Table 2 Substrate scope for the oxidation of secondary alcoholsa,b,c

image file: c7sc00891k-u2.tif

a Reaction conditions: a CH3CN (0.50 mL) solution containing 30% H2O2 (1.2 equiv.) was added dropwise to a CH3CN (1.0 mL) solution containing the substrate (0.50 mmol), 1 (0.30 mol%) and H2SO4 (0.30 mol%), using a syringe pump at 25 °C for 1 h.b Yields were determined by GC.c Numbers in parentheses are product yields.d 1.0 mol% H2SO4 was used.
image file: c7sc00891k-u3.tif


We then investigated the OKR of secondary alcohols utilizing the manganese catalyst, H2O2 oxidant and H2SO4 additive system. Firstly, we optimized the reaction conditions by varying the amount of catalyst, oxidant and H2SO4, and the reaction temperature (see Fig. 1; also see Tables S1 and S2, ESI). Obviously, the conversion of 1-phenylethanol would increase with an increasing amount of H2O2, as shown in Fig. 1. Due to the preference for oxidation of the S-enantiomer in the OKR of racemic secondary alcohols using the sulfuric acid-enabled manganese system, the ee value improved when increasing the number of equivalents of H2O2 from 0 to 0.80, while no significant change occurred when further increasing the number of equivalents of H2O2 up to 1.0. Therefore, the oxidant amount was chosen to be 0.80 equiv. for the OKR of 1-phenylethanol, as a result of the excellent ee with lower conversion. Besides, 2 was chosen as the catalyst since 2 afforded a higher enantiomeric excess (ee) value (90%) than 1 (65%) in the oxidation of 1-phenylethanol (Table 3, entry 1 and footnote c). Under the optimized catalytic conditions, we obtained high ee values (>90% ee) irrespective of the substituents on the phenyl group of the benzylic alcohols (i.e. no effect from steric hindrance or the electronic nature of the substrates) (Table 3, entries 2–6). Importantly, 1-phenylpropan-1-ol derivatives, which were reported to be poor substrates in most manganese salen systems,12d,13,14 also worked well in this sulfuric acid-enabled manganese system, with ee values of >90% (Table 3, entries 7–12). In addition, increasing the steric hindrance and chain length in the 1-phenylpropan-1-ol derivatives did not affect the ee values either (Table 3, entries 13–15).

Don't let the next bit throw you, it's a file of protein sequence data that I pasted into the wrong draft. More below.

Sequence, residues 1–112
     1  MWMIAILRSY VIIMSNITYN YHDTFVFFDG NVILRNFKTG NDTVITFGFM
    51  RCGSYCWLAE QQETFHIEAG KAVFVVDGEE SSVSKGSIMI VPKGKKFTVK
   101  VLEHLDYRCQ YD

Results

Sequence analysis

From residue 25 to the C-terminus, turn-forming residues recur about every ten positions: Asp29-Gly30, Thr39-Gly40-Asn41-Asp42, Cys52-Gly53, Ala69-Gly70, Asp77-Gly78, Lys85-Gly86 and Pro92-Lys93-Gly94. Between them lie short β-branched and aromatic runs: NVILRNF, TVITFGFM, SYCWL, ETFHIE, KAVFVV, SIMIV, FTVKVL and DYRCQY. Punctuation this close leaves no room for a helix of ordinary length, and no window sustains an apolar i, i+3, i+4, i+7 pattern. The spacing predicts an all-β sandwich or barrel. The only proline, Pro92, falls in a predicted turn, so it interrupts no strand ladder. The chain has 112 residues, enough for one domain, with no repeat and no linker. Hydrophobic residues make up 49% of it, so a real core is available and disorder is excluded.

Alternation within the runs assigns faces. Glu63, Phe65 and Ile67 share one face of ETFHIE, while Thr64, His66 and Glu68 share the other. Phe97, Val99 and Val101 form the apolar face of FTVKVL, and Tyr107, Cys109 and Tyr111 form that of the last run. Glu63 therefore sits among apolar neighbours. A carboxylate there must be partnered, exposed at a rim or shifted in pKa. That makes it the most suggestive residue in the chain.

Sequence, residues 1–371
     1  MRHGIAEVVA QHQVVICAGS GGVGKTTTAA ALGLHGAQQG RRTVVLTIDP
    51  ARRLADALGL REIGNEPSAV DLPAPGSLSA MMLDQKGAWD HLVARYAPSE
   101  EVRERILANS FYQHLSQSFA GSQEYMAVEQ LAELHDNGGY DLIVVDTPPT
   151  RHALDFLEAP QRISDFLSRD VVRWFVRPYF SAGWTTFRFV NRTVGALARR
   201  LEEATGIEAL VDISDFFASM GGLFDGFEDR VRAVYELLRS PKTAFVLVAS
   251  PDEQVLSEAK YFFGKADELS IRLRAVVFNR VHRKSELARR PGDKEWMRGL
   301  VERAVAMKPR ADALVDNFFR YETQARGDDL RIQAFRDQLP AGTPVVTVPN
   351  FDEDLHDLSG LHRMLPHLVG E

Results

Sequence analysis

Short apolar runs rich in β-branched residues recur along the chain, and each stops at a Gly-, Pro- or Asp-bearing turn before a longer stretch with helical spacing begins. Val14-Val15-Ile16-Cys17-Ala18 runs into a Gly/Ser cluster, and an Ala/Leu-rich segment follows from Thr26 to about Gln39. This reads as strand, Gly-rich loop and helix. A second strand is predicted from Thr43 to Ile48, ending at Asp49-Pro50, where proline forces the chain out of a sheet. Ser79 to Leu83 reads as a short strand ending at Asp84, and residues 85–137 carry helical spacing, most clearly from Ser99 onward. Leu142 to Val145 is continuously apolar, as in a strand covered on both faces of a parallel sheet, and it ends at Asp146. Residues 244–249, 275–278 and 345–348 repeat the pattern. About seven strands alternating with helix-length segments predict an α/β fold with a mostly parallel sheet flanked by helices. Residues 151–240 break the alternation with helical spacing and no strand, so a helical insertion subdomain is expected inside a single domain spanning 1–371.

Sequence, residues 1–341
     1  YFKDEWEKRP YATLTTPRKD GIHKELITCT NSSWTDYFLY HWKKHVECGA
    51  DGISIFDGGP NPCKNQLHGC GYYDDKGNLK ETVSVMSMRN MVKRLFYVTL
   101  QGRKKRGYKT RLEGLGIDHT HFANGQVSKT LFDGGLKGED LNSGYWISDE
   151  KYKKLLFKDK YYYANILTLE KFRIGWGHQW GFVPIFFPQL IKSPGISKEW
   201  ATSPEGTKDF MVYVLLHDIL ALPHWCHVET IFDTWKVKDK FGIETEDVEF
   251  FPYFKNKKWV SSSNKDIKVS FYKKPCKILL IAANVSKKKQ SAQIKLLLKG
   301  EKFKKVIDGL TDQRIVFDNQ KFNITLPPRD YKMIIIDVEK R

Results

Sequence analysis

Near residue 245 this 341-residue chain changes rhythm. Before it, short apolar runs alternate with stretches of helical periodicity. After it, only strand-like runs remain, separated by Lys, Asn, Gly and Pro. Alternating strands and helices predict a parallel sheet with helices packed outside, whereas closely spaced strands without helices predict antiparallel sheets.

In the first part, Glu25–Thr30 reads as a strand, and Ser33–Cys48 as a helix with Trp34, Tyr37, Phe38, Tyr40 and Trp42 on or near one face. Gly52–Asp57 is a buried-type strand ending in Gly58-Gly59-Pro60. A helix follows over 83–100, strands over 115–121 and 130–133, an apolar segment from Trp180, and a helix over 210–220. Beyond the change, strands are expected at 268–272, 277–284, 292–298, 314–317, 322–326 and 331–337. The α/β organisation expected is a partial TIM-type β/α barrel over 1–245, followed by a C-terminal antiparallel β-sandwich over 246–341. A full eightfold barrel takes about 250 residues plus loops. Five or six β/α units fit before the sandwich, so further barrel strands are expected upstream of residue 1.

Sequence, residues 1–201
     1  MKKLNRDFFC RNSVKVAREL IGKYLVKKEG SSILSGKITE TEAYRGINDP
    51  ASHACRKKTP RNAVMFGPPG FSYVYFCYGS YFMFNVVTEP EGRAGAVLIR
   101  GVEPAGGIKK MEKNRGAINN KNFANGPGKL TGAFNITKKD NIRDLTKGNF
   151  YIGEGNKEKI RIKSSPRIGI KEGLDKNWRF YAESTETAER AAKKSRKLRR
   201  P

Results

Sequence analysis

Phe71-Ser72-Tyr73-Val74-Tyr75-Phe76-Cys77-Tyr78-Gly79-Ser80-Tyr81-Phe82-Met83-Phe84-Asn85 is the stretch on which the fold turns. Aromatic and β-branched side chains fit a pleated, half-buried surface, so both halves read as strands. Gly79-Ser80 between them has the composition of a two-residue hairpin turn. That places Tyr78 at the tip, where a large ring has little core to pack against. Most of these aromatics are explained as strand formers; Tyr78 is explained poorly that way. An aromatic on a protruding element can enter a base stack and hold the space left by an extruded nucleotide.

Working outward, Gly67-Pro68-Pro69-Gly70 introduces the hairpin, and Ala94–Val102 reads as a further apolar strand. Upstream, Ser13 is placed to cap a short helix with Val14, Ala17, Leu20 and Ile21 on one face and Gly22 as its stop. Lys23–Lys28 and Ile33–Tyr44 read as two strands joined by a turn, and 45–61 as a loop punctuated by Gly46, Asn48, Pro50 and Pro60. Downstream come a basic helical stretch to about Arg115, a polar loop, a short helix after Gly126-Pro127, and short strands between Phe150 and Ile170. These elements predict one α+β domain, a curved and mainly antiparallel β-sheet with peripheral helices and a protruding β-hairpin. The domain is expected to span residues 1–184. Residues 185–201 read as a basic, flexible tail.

image file: c7sc00891k-f1.tif
Fig. 1 Plots of the conversion yields (black triangles) of 1-phenylethanol and the ee values (red circles) of unreacted 1-phenylethanol against the number of equivalents of H2O2 obtained in the catalytic oxidation of 1-phenylethanol (0.50 mmol) by 2 (0.20 mol%) and H2O2 (0–1.0 equiv. based on the concentration of the substrate) in the presence of H2SO4 (1.0 mol%) in CH3CN at 0 °C for 1 h.